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It was plain for me to see on the bodies of the survivors I met during a reporting trip to Iraq, a few years ago. Amid the stifling heat of Baghdad, I spent time with several young Iraqi women. I learned from them that anxious parents were forcing their daughters into child marriages because they believed that marital homes would protect their daughters from the rising tide of chaos engulfing the post-Saddam Hussein nation. In reality, their children only found abuse and violence at the hands of husbands or in-laws. One survivor, who said she’d been married off at age 12, sat with me in a walled garden and calmly pointed out the raised scars that covered her fingers and ears, reminders of the savage beatings she had suffered at the hands of her older husband. By the time we met, she’d escaped the brutality of her marriage and was living in a secret women’s shelter in the Iraqi capital, finally free from her husband’s cruelty, but still very much a captive of her terror-filled memories.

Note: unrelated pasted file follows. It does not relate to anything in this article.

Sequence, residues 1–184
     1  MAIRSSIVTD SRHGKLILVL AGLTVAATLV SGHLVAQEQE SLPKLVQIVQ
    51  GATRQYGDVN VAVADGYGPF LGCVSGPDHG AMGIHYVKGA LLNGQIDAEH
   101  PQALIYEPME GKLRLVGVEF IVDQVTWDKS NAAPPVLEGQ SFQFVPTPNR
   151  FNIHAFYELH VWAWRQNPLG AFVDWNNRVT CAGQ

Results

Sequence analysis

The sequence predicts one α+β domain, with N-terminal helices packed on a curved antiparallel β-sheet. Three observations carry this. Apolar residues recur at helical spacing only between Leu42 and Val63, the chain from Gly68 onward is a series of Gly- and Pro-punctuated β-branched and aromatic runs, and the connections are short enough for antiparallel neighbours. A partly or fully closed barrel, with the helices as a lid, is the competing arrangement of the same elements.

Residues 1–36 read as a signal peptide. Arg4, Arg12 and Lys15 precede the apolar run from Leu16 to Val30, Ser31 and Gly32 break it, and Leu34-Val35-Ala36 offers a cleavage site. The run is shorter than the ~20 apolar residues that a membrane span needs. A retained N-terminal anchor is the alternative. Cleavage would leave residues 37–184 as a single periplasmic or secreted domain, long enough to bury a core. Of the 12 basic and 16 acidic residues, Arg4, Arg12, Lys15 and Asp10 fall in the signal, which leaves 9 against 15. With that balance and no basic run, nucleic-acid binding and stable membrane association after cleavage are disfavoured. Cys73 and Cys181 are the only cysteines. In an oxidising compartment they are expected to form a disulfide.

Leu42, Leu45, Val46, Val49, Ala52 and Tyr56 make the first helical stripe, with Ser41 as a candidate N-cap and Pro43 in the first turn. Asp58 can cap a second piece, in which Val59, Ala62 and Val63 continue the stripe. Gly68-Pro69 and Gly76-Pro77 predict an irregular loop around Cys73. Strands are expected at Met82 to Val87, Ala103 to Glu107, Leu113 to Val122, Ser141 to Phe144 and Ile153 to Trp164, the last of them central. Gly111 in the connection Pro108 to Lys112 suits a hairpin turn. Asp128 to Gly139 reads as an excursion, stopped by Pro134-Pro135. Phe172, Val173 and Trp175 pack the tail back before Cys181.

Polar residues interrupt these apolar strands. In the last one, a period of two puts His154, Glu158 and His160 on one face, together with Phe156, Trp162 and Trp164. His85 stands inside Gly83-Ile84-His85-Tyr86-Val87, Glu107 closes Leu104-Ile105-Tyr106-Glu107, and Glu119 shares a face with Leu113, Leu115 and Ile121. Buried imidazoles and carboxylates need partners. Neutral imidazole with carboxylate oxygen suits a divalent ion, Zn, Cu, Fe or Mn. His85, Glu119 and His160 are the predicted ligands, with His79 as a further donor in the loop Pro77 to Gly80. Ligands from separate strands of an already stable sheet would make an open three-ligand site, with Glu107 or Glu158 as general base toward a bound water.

Back in Atlanta, renowned gynecologist and Nobel Laureate Denis Mukwege spoke with great sadness in his eyes, as he described to me the seemingly never-ending stream of shattered female bodies that he had treated on his Panzi hospital operating table in eastern Democratic Republic of the Congo. Year after year, he cared for survivors, some barely old enough to walk, others weakened by age—every one of them subjected to unspeakable sexual violence by men acting with complete impunity. “We all come from women… how can men do such terrible things?” Dr. Mukwege wondered aloud.
It took the kidnapping of nearly 300 schoolgirls from their boarding school in northeastern Nigeria in April 2014 to bring things into even sharper focus for me. The girls were abducted by the Islamic terror group Boko Haram, from a region of the country embroiled in a long-running conflict between the militants and the Nigerian federal government. Loosely translated, “Boko Haram” means Western education is forbidden and the militants were especially opposed to the education of these young women. Their plight struck a chord with me.
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